Steve Jobs was a strong believer in the element of surprise. He loved to control every element of his presentations, but he would expertly build tension and tease a new product's potential features before finally lifting the veil. He loved to hear the audience "ooh" and "aah" as he sashayed around the floor with the new product in his hand. It was all about wowing the audience.
Apple attendees, a blend of press, software developers and fans, used to boisterously cheer at product unveilings like they were rock concerts, begging Jobs for an encore. Just "one more thing." Yet none of this would have been possible if he and his team at Apple didn't believe in the power of secrecy.
Tim Cook has done an excellent job of filling Jobs' shoes, save for this particular department. Over the last several years, as Jobs transitioned out of Apple due to illness, Cook has been about ensuring Apple moves forward in the right way. He has deftly handled PR issues and he's overseen quite a few product releases, but nearly all of them had been reported about ahead of time.
In May, Cook attended the AllThingsD Conference in Rancho Palos Verdes, Calif., and promised fans that Apple would do better at plugging its leaks:
"We're going to double down on secrecy on products," Cook said. "I'm serious. ... Secrecy on the product side is so important."
Two months later, Apple's product pipeline couldn't be more transparent. There have been photos taken of nearly every component in the next iPhone, and we all have a pretty good idea of what it will feature, and when it will launch. We also know details about the not-so-obvious products in the Apple pipeline; we know the general size of the heavily-rumored iPad Mini, and we know Apple likely has a TV in the works.
When we think we know what Apple will unveil, the unveilings themselves lose their old magic. We're no longer captivated; we're checking off items on a list. And since Apple keeps everything a secret, it's a substantially bigger disappointment when anticipated features are missing.
Unfortunately for fans, they may have to get used to this new, open Apple.
Transparency Vs. Secrecy
Tim Cook promised Apple would double down on secrecy, but if anything, Apple has become more transparent than ever. Cook can keep a secret as well as anyone, but he would absolutely prefer to keep Apple an open and honest place.
Under Cook, Apple has addressed many issues that Jobs used to hate discussing. Cook dodged a major PR disaster by seriously tackling the working conditions within Apple's Asian supply chains, and he even rewarded the investors in Apple by launching a quarterly dividend and a stock buyback program in March. He even created a behind-the-scenes video of Apple headquarters for new recruits, which was subsequently shared everywhere on the Internet.
Apple's open managerial strategy is a stark contrast to Apple's product strategy. But that may be changing, too.
The weekend before WWDC 2012, San Franciscans snapped photos of Apple staff hoisting banners that unveiled a brand-new mobile platform -- iOS 6 -- before Apple had a chance to unveil the software on stage. Apple is usually very careful about keeping these major unveilings a secret, especially since iOS 6 directly relates to the company's most popular products (iPhone and iPad), but showed a total disregard for secrecy at this event.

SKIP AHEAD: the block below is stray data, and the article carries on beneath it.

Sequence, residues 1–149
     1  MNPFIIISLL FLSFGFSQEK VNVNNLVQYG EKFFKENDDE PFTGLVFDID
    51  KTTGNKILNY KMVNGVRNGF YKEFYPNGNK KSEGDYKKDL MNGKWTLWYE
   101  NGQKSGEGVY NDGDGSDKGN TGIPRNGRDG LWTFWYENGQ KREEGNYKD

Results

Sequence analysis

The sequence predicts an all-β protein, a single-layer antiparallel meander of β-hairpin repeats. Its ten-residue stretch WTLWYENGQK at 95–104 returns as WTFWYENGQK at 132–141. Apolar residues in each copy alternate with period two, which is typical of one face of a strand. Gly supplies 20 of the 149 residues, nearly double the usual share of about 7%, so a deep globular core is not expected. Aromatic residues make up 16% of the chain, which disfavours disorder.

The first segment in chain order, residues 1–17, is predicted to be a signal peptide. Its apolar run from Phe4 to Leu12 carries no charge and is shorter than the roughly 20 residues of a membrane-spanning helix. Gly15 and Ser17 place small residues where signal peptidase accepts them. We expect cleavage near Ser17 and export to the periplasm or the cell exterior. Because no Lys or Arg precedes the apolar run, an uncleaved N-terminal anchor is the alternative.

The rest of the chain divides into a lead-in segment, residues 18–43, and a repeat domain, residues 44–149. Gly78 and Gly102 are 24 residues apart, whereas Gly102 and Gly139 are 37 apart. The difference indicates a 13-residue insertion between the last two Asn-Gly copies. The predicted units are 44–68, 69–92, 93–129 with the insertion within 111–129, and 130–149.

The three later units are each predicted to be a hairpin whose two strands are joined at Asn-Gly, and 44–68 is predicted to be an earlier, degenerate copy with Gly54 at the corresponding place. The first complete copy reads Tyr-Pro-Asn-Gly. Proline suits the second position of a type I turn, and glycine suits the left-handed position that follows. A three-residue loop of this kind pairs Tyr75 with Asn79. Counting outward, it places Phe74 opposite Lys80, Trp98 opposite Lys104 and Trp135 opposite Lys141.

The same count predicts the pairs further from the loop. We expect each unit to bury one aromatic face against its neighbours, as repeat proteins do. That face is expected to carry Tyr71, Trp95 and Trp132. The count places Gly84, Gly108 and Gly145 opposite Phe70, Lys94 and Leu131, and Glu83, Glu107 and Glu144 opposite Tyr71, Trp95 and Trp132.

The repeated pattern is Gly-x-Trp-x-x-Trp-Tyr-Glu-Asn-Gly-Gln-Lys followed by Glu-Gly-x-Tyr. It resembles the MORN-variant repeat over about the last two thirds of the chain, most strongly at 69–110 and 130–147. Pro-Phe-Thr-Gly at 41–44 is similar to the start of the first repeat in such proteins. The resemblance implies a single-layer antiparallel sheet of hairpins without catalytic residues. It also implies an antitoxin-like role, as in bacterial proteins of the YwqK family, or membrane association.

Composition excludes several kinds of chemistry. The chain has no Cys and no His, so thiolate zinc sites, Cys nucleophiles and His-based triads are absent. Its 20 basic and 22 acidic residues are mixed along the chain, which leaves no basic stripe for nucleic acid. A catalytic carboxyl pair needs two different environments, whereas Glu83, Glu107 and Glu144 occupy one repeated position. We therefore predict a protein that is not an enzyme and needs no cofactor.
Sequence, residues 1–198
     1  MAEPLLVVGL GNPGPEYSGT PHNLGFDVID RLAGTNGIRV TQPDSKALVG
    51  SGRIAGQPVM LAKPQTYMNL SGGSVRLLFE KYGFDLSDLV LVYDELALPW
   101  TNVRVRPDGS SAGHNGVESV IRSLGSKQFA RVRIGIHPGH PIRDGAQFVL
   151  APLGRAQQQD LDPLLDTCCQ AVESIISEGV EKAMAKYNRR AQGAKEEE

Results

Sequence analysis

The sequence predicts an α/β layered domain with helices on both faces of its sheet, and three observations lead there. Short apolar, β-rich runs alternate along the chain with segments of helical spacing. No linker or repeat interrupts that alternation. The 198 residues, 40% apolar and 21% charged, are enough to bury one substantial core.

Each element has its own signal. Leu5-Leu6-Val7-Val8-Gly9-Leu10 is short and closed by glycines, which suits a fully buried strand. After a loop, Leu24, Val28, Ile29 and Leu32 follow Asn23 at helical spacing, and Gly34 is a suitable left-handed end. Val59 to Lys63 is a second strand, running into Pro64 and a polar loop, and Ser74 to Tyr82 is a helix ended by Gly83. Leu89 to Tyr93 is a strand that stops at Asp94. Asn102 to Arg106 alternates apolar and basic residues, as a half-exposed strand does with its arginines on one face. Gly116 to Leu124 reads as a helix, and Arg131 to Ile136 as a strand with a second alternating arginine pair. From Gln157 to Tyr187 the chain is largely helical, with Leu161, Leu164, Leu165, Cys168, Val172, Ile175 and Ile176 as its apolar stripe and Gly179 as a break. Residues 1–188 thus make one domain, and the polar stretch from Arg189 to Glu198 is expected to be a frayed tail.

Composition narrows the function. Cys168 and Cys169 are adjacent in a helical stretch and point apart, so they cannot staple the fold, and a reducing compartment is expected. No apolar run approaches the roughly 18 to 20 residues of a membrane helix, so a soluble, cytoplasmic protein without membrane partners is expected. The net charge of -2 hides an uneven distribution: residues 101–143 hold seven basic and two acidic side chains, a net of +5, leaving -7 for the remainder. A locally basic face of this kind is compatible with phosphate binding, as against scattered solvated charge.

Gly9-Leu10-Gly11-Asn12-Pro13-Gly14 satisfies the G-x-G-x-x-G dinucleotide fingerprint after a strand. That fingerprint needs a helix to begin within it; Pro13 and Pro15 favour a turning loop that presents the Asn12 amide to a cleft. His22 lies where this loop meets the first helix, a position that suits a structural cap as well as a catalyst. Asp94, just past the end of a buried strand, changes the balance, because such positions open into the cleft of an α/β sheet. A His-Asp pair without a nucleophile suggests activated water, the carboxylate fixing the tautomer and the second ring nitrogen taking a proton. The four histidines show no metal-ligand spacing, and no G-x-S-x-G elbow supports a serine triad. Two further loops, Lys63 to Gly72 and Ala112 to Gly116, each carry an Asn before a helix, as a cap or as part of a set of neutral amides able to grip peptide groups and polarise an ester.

And this is just the information that Apple actually controls.
Every major iPhone and iPad release since spring 2010 -- when an iPhone 4 prototype walked into a bar -- has been anticipated ahead of time. We knew the name of the iPhone 4S and nearly all its features, including Siri. We knew about the new iPad with Retina Display, even though the name wasn't quite certain. We even predicted the major Mac refresh at WWDC, and the unveiling of the new MacBook Pro with Retina Display at the same event. We knew Apple was building its own Maps platform to replace Google's offering.
Over the past few weeks, we've received photos of what looks to be the next iPhone, which many are calling "iPhone 5" but will probably just be called "new iPhone." We know that several components have moved around, including the earpiece, the headphone jack and the FaceTime camera, and we also know the phone will feature a bigger screen to accommodate at 16:9 aspect ratio. We know it's going to be thinner. But best (or worst) of all, we know what the phone looks like.
Last week, faceplates for a large-screen iOS device surfaced, and again, they aligned with all previous rumors of the new iPhone. The press will never be certain of a product's verisimilitude until Apple actually unveils it, but there's enough smoke at this point to state with near-certainty that there's a fire going on.
The move towards openness is not necessarily Cook's fault, although he is the catalyst for making Apple more honest. He will do his best to keep future products a secret, but he may not be able to control that. The world is simply too big and too open now. There are cameras everywhere -- in our smartphones, our tablets, and soon, our eyeglasses. It's almost impossible to keep a secret in this generation of technology.
Apple may not shock us with any left-field products anytime soon, but imagine if they do. That will be magic.
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